Two days later, Sara Raras sought and received a protective order against Lorenzo after she alleged that he engaged in a "persistent campaign of harassment and harshness." He was prohibited from contacting her and ordered to leave the house. Two months later, a Howard County judge signed an order giving custody of the child to Sara Raras. Lorenzo got him every other weekend and on Wednesdays until 8 p.m.
Less than a month later, Sara Raras told the court that Lorenzo had threatened to kidnap Will. His attorney confirmed that on July 25, he applied for a passport for his infant son. Sara Raras called the State Department to try to block it. Instead, Lorenzo Raras's attorney agreed to hold the passport, barring Lorenzo from taking the child overseas.
Lorenzo Raras, in court papers, began to argue that he should be the child's caretaker. He accused Sara of having an affair with her boss and said he had read amorous e-mails between the two. He also said Sara often locked herself and the baby in the bedroom. Moreover, she refused to let him hold or diaper the boy. A court hearing on the divorce was scheduled for Dec. 3, 1998. She was killed Nov. 15.
The search for Sara Raras's killer or killers had long been stymied until a taped jailhouse conversation landed on the desk of Howard County Detective Nathan A. Rettig last June. Rettig, who has investigated the Raras case from the first day, was stunned.
Earlier that month, a Baltimore County Detention Center inmate named Edison George told police that his cellmate, Ardale Tickles, had been bragging about two "murders."
Tickles, known on the streets of Baltimore as "Wisdom," is a stocky man, fond of Ninja mythology, which glorifies black-clad Japanese martial arts assassins. Detectives say he also holds hostile views of white society.
According to court records, one of the "murders" Tickles bragged about was actually the attack on his former McDonald's boss--who survived--that resulted in the attempted murder charge that had landed him in jail.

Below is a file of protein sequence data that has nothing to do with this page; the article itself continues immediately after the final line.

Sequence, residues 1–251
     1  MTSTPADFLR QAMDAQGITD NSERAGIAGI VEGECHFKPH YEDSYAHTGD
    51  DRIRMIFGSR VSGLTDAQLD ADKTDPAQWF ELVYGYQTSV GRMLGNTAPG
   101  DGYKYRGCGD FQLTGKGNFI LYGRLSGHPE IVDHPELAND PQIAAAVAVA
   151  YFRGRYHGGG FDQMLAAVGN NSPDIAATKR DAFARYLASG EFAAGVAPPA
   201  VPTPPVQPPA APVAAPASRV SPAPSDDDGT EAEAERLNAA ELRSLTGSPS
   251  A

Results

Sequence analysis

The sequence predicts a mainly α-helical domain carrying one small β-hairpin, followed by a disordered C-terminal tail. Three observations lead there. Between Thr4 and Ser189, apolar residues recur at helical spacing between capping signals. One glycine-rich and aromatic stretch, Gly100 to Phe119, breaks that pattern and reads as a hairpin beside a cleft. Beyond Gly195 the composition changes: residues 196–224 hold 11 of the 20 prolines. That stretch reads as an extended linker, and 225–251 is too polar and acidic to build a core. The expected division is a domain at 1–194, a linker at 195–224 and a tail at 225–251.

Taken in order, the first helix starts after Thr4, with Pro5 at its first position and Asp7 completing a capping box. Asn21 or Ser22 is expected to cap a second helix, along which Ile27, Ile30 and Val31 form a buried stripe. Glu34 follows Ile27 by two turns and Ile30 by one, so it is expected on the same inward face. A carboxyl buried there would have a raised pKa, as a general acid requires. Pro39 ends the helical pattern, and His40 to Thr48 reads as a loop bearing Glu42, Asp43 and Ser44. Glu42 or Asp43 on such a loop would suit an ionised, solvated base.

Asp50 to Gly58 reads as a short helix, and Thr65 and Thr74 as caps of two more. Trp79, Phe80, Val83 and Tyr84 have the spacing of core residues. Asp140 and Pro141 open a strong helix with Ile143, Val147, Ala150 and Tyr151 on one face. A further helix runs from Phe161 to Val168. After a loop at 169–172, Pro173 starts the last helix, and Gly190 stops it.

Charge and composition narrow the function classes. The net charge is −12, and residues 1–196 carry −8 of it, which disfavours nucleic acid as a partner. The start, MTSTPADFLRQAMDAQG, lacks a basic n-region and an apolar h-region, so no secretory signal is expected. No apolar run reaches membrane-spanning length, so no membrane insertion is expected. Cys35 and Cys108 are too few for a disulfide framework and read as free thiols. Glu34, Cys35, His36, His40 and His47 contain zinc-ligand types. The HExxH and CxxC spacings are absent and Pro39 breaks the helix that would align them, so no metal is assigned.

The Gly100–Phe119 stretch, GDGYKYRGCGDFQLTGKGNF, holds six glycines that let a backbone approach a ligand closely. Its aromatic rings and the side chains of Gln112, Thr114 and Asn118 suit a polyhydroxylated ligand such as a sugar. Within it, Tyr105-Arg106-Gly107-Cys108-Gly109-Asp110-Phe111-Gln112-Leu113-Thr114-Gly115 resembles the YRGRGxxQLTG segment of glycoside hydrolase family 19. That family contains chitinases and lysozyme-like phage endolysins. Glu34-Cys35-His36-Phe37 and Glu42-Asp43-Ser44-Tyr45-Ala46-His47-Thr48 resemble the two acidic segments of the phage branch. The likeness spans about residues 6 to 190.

(During his subsequent attempted-murder trial, Tickles tried to attack the judge and had to be tackled by police officers.)
The second "murder" seems to fit the facts of Sara Raras's death.
Police detectives wired George with a recording device and asked him to try to get Tickles to repeat what he had said earlier.
On the tape, Tickles was fuzzy on the specifics. He was unable to recall his victim's name. ("It was a white girl name.") He said she lived near Columbia. (Sara Raras lived about 10 miles from Columbia in Elkridge.)
But he recalled the killing itself in chilling detail. He recounted slitting the woman's throat, wrists and neck with a jagged Army surplus knife, calling her a "devil."
He said he stomped on her head with his Timberland boots, then watched her beg to be killed as he considered raping her.
"Blood was everywhere. [She] was just chopped up. . . . I ain't have no mercy," he said on the tape.
George pressed him for a reason.
"The lady where I was working at, she told me. I'll give you, you know, five thousand dollars to go hit this lady off for me," he said.
Tickles didn't mention Emilia Raras by name. He called her his "Chinese" patron and an "Asiatic black sister." He said she had told him "she's scared of this woman" and paid him $5,000 to kill her.
Emilia Raras's family and attorneys have refused to talk about her background and life. She has a master's degree in nursing and is a diabetic, according to court documents.
In an interview with police, Emilia Raras said the rift between her and Sara centered on young Will and had started even as Sara was in labor with him.
She said Sara gave her a "nasty look . . . as if she was telling me get out of here." Emilia Raras described it as "an insult."
The morning after Will was born, Emilia Raras told the detectives, she wanted to hold him but Sara "tried to tell me to put him down. . . . That means to say she does not want me to hold the baby."
Within a year, Sara and Lorenzo Raras were in divorce proceedings.
Emilia Raras later told detectives that she thought Sara was suffering from postpartum depression and had confronted her.
"Just be patient," Raras said, re-creating the encounter for detectives. "Give [Lorenzo] time. Both of you have problems. . . . Sara, you do not know what you're doing. If anything happens to this family, it will be your fault."
Emilia Raras said her daughter-in-law "practically spit on my face, saying that I should not come back. . . . That is a slap. A slap on my face. And it was even more than death to me," Raras said. "The mother in my country is revered and respected."
Emilia Raras's trial is expected to last five days, and even as she was questioned by detectives last summer, she already had a outcome in mind.
"I want to go home. You can imprison me in my house. House arrest. That's all. I will not work anymore. I will stay in my house. I want a peaceful life," she said. "And just crochet inside the house."
It's the same house where her husband, son and grandson now live.
CAPTION: Prosecutors say Sara Raras was killed because she tried to keep her son away from her mother-in-law.